Shortly after I joined my bonsai club I bought an olive tree from a local nursery. It was tall and straight with no low branches but I always planned to cut it really low down.
|April 2008 - as purchased|
I let it sit untouched through the first winter and in August 2008 I finally decided to move it to a pot and make the first chop. And that's when I encountered my first problem. The nursery had tied it to a large stick and try as I might I couldn't get that stick to budge.
|August 2008 - the stick that caused all the trouble|
Under the circumstances I was forced to take it to a workshop where a strong man was able to remove it. He also cut the roots back a lot harder than I'd dared to.
|August 2008 - after root pruning|
After cutting the trunk further he put it back in its nursery pot. I had no inkling then that the stick would come back to haunt me years later.
The tree quickly recovered from its ordeal and put out plenty of new growth. Everything was looking good.
It was only two years later when I put it into a bonsai pot for the first time that I saw the first signs that all was not as it should be. The root structure wasn't looking too good. Once more the potting was done at a workshop and my teacher used wire in an attempt to lower one problem root. He also tried to plant moss around the roots, hence the bandages in this photo:
Sadly this didn't prove to be very effective as, once the wired was removed, the root refused to stay in place. As time passed it just got worse and worse.
|November 2013 - Problem nebari|
By late 2013 I was getting really frustrated. Attempts to plant the tree lower in the pot were unsuccessful and in a last ditch attempt to hide the problem, a member of my club planted moss around the roots.
|November 2013 - with moss|
Although I wasn't too happy with the structure of the tree I might have left it at that, but unfortunately the moss didn't stay there for very long. One morning I discovered that some visiting birds had ripped it to shreds and I was back to square one.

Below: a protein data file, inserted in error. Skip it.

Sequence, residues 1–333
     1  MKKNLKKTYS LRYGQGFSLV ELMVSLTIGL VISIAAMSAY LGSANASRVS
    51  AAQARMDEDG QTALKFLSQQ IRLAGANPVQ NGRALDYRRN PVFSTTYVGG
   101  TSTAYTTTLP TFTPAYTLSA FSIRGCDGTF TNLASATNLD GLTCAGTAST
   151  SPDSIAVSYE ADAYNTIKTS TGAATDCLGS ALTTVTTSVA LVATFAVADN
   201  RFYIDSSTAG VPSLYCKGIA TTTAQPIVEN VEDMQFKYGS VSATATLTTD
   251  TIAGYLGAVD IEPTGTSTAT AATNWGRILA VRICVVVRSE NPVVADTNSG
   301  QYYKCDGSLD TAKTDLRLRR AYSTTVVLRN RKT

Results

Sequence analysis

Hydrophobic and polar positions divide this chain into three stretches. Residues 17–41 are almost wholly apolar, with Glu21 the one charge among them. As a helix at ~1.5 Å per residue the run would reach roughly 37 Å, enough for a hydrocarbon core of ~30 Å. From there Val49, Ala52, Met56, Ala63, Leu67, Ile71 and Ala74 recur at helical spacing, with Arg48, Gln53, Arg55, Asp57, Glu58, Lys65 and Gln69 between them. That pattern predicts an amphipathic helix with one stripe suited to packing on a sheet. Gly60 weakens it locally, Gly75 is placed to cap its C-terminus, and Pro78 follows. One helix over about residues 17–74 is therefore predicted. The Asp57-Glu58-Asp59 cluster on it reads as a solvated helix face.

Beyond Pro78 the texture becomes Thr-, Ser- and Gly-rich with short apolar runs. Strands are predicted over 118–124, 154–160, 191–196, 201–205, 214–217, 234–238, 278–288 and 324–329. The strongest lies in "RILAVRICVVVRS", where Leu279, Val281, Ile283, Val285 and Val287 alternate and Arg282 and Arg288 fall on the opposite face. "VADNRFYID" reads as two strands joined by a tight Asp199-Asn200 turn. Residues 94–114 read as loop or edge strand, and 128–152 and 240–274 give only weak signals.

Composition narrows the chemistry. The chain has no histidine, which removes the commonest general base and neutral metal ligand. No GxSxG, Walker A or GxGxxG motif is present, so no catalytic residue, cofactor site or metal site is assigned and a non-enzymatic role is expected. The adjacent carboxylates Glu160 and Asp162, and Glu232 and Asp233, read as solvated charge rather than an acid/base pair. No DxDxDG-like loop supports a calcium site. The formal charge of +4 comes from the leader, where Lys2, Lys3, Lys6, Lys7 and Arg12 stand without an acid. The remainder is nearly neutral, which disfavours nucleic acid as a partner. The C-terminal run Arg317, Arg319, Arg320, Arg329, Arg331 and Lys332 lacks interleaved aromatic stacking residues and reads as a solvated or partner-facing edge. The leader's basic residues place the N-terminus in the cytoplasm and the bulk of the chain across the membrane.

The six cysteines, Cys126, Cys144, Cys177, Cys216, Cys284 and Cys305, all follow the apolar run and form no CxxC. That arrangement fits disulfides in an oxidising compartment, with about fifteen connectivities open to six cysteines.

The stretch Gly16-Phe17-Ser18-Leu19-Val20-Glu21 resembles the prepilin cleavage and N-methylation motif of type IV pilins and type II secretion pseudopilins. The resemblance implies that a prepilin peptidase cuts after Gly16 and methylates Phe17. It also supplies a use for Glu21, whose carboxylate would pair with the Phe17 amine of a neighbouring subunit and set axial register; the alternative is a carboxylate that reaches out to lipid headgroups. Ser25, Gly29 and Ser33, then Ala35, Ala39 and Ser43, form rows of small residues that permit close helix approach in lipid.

In late 2014 I took it to another workshop where I was persuaded to shorten the tree. The highest root was also removed.
This might have improved the tree somewhat had I kept an eye on it over the next few months, but unfortunately I neglected it and while I got a lot of new growth, the tree suffered some serious die-back lower down. A year later it bore no resemblance to the (bad) bonsai it once was.
It was time for drastic measures. My second trunk chop was even lower than the first. All that remained was the branch that's visible in this photo and another hidden at the back.
|December 2015 - second chop|
I was advised to wire the visible branch upwards but always felt that was the wrong move given the fact that the rather quirky nebari were on that side. I felt the tree needed to slant in the opposite direction and waited in hope for a new leader which, thankfully, soon arrived.
|June 2016 - growing strongly|
By June 2016 that leader was nice and strong and it was time to remove the left branch.
This is what it looked like in July 2016 after I'd removed that branch. I didn't touch the leader but I zoomed in for this shot to show the root that's caused all the trouble.
What was once a really bad formal upright is now on track to becoming another quirky tree.